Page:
Intellectual History; History of Political Thought; Nineteenth/Twentieth-century European History; History of Philosophy; Political Theory.
The ‘twin’ concepts of Bonapartism and Caesarism describe, roughly speaking, an autocratic system of government in which the figure of the leader towers. First elaborated in nineteenth-century France, they had a great success among intellectuals from diverse backgrounds and were employed to analyse a variety of historico-political situations. In my postdoctoral research project I plan to analyse in a comparative perspective the reception of the caesarist-bonapartist model in European political thought in the first half of twentieth century, with a special focus on the interwar period. This study will reveal the existence of a truly transnational ‘narrative’, whose analysis will shed a new light on the development of political thinking in Europe. Moreover I will investigate the legacy of these categories in the second half of the century and explore their relevance for contemporary political challenges. This analysis could illuminate the actual dynamics of hegemony, as far as the concepts of Caesarism and Bonapartism provide an intriguing historical perspective on the current debate on populism, of which they are somehow the ‘forerunners’.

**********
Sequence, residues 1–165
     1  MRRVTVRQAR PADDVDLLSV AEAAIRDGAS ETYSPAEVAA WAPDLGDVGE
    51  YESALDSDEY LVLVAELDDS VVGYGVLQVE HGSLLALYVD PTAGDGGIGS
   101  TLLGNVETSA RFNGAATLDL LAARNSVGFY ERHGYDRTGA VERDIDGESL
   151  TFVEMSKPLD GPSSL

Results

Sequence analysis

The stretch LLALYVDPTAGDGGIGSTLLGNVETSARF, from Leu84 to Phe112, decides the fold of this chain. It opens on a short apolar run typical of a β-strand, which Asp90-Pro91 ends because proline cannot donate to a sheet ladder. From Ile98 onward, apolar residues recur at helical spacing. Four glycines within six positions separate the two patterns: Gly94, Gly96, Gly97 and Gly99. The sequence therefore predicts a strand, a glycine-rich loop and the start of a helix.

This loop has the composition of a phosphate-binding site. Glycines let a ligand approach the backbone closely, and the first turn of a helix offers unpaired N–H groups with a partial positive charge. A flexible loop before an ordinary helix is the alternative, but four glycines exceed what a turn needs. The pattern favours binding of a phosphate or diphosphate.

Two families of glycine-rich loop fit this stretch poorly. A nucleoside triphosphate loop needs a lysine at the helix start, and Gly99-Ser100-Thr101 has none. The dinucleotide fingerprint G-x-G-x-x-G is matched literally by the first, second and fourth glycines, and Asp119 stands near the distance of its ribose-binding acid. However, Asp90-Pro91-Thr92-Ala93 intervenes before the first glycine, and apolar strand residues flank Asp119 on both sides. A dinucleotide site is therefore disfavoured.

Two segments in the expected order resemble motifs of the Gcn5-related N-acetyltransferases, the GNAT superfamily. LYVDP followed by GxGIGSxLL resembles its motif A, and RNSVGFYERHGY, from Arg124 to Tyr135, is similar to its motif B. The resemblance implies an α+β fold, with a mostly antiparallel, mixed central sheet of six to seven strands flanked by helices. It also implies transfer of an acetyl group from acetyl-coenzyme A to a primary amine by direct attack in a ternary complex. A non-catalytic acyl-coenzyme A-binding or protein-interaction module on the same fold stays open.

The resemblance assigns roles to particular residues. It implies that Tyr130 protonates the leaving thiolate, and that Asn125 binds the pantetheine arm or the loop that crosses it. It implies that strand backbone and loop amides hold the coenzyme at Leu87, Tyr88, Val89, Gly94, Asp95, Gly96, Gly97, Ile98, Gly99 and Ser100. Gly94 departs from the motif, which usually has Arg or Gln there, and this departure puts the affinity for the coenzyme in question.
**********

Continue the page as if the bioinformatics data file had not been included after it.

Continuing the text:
I received my PhD from the University of Pavia (Italy) in 2015 with a dissertation on the categories of Caesarism and Bonapartism in Antonio Gramsci’s thought. Before joining the Lichtenberg-Kolleg I held a postdoctoral research Fellowship at the Fondazione Luigi Einaudi in Turin (2017-2018) and I was Postdoctoral Researcher at the Université de Lyon/École Normale Supérieure in Lyon (LabEx CoMod – UMR 5206 Triangle; 2018-2019). From 2016 to present I also collaborate with the Fondazione Gramsci in Rome, working on the new critical edition of Antonio Gramsci’s Prison Notebooks.
– F. Antonini, Caesarism and Bonapartism: Hegemony and Modernity in Gramsci’s Thought, Brill, Leiden-Boston [in press].
– F Antonini et al. (edited by), Revisiting Gramsci’s Laboratory: History, philosophy and politics in the “Prison Notebooks”, Brill, Leiden-Boston [in press].
– F. Antonini, ‘Pessimism of the Intellect, Optimism of the Will: Gramsci’s Political Thought in the Last Miscellaneous Notebooks’, Rethinking Marxism, 31 (1), 2019, pp. 42-57.
– F. Antonini, ‘Gramsci, il materialismo storico e l’antologia russa del 1924’, Studi Storici, 59 (2), 2018, pp. 403-435.